Educators and parents ABC13 talked with say it's a big benefit.
"I think it's good for parents who need to work to have full-day options," says parent Kristin Ghia.
Thao Montemayor says "I know it's really stressful for some of my friends to find a good program to send their kids off to."
This is part of a multi-billion dollar overhaul to the state's school finance system. Part of it pays for full day Pre-K for low income and other qualifying students across Texas.
Educators in Houston say not only does it help parents who work full time and are trying to find childcare, but it's a cheaper option, as private childcare can cost thousands of dollars.
"Childcare is very expensive," says Jonathan Parker with the Harris County Department of Education.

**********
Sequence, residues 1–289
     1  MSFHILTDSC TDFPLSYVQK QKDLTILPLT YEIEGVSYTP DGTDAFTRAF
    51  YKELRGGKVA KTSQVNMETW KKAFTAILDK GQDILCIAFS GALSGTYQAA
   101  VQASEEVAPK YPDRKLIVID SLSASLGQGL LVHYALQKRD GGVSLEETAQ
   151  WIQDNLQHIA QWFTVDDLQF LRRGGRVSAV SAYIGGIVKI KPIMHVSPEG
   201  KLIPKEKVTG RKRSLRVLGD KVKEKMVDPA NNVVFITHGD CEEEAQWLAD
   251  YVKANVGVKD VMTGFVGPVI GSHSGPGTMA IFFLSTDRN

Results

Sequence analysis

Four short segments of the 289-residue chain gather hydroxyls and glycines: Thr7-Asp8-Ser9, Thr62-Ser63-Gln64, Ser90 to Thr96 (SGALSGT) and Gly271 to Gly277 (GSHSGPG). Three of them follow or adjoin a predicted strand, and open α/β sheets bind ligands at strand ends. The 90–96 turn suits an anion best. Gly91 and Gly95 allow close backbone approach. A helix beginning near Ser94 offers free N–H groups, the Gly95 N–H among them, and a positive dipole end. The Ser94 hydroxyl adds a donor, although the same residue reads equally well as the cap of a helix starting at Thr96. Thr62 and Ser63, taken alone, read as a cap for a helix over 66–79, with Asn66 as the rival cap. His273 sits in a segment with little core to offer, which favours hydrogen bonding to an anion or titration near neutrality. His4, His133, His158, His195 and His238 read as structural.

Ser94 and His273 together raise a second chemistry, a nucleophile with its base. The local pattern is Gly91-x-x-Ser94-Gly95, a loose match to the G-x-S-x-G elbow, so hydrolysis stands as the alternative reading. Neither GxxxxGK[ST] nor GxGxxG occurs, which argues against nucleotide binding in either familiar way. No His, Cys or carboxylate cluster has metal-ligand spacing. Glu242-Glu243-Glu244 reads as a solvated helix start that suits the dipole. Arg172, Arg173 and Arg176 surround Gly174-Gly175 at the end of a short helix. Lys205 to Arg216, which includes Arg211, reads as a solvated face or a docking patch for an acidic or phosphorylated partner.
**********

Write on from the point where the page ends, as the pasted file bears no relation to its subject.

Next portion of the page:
Several Houston-area school districts already have full day Pre-K, but it'll also be a first for some.
"The low income districts would benefit from this type of program, once again, that allows parents to be able to work, and of course that extra income helps the family tremendously," Parker said.
Educators add this lets more students get a head start on their education.
"Pre-K allows students to begin to start developing and understanding the routines of school," Parker said.
Parker expects to see most of the 25 districts in Harris County to adopt a full day Pre-K program.
HISD offers both free Pre-K and tuition based Pre-K.
Many of the larger districts, like Katy, Ft. Bend, Aldine and Pasadena now offer full day Pre-K.
There are some requirements though for children to enroll into it for free:
- Inability to speak English
- Must be eligible for free lunch program
- Child of active duty service member
- Child of a member of Armed Forces who was killed or injured
- In or have been in custody of DFPS
- Child of a first responder who was killed or injured
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